Ukulele Tuning: Types and How-to Guide

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Are you looking for a new hobby? Have you always wanted to learn how to play the ukulele, but never had the time or patience? Well, now is your chance! In this article, we are going to discuss ukulele tuning, including using a ukulele tuner.

So if you want some helpful advice on learning how to tune your ukulele correctly come on in!

What Is the Standard Ukulele Standard Tuning?

photo showing the standard ukulele tuning

The standard ukulele tuning is G C E A (starting from the top to the bottom). Most songs and tabs have G-C-E-A tuning, making it the easiest ukulele tuning to master for beginners. You can also refer to the G-C-E-A as C tuning.

Note: Some people prefer to string their ukulele with a low G string rather than a high G string.

Other Types of Ukulele Tunings

There are a few different types of ukulele tunings that you can use.

Some people like to tune their instrument in D A E B, which is the same tuning as the highest four strings on your guitar (if tuned at E-A-D-G-B-E). Another popular option is C-G-E-A, where the first three strings sound lower while A is an octave higher. You can also tune your ukulele to F-Bb-Eb-Ab, but this one will take some getting used to!

Tenor Tuning

Tuning a ukulele tenor is similar to the G C E A, but with an exception. The G string has a higher pitch than the third string or C. And, yes, tenor tuning is similar to the soprano ukulele (more on this later). However, a tenor uke produces a fuller, richer, and lounder sound due to its larger size.

Soprano Ukulele Tuning

As mentioned, a soprano uke tuning will have a standard tuning (G C E A). Like the tenor tuning, a soprano tuning of a ukulele will have the G string at a higher pitch than C. That’s why many uke players also refer to soprano ukulele tuning as “high G on top.”

But why a higher G, you ask? A soprano ukulele is tuned to bring a brighter and happier sound, especially when strumming the strings.

If you want to lower the G and make the ukulele tuning as “low G on top,” you will have to use a G3 and a different string. Also, bear in mind that playing with a “low G on top” also means that you only have 1 ¾ octaves – with C4 as the lowest and A5 as the highest.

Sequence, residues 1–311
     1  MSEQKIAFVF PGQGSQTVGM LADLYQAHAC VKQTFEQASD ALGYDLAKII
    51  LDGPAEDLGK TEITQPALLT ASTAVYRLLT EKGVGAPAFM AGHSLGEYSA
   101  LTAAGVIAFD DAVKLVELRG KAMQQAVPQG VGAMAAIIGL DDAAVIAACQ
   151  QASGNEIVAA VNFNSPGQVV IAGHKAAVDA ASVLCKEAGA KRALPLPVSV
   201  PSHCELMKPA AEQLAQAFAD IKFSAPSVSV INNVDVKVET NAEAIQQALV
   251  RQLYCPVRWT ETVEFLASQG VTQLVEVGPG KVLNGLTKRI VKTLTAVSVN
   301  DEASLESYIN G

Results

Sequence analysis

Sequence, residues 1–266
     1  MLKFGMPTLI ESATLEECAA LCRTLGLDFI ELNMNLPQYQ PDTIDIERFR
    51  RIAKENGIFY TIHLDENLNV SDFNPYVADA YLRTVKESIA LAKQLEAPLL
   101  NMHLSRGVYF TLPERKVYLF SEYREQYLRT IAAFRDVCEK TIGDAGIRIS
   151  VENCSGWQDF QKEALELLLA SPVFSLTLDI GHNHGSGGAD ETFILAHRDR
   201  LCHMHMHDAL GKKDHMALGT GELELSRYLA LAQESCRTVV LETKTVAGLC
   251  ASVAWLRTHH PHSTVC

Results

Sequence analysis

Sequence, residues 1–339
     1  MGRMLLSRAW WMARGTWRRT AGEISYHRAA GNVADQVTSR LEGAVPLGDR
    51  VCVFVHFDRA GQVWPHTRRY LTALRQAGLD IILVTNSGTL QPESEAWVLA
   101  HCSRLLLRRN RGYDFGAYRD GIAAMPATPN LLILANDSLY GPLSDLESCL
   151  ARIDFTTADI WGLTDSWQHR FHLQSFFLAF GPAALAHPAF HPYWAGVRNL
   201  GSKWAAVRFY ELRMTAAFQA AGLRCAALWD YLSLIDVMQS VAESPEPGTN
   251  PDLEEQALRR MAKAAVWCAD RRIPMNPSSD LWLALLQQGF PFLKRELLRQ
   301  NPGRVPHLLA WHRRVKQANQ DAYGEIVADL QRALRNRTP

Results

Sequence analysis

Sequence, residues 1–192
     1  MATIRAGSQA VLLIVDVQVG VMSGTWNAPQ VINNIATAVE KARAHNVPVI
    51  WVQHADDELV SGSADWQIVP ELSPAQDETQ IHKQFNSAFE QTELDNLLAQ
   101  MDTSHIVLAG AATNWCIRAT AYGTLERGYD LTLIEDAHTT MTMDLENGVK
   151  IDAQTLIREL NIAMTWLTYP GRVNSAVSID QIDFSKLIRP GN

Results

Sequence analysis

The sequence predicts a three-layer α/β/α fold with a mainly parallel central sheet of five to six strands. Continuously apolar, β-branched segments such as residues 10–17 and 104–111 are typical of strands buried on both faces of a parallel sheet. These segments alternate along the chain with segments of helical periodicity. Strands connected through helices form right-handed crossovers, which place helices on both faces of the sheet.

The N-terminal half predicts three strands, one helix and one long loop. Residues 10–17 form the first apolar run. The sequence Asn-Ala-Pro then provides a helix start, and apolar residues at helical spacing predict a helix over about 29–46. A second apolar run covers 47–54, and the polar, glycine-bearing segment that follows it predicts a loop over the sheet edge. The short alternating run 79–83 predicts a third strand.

Baritone Ukulele Tuning

The baritone ukulele is tuned in the same way as a guitar, meaning it’s going to be very different from what you’re used to if you’ve only ever played soprano and concert ukes!

Baritones have strings with higher tension than your smaller-sized instruments, so they might take some getting used before you can play them comfortably. For a four-string ukulele, the baritone tuning is: D-G-B-E or G tuning

How to Use a Ukulele Tuner

Fender FCT-2 Professional Clip-On Tuner

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There are two different ways you can tune your ukulele: electronically or by ear. The latter can be confusing and a challenge for beginner ukulele players. So, your best option (for now) is to use a physical chromatic ukulele tuner like a Fender FT-2 Professional Clip-on Tuner. You can also use our free online ukulele tuner if you want a quick and simple way to tune.

Electronic ukulele tuners may come in different sizes and shapes, but they are generally easy to use even for beginners. Here is how to use a ukulele tuner:

  1. Attach the ukulele tuner to your ukulele’s headstock.
  2. Pluck a string and the tuner will display the note it’s currently at.
  3. If the needle goes either to the left or the right, turn the string’s peg and adjust accordingly.
  4. After the adjusting the pleg, pluck the string again. If the needle lands on the center, then the string is in the right note.

Expert tip: Whenever you are tuning a ukulele, always start from the A string (or the 1st string). If you know how to play the piano, you can match the notes G, C, E and A with your ukulele.


Whether you prefer standard G-C-E-A or a high G on top, tuning a ukulele is not difficult! Plus, you can always use an electronic ukulele tuner to help you out. And, the best part? You can repurpose the tuner for other stringed instruments like guitars, bass, mandolins, and banjos!


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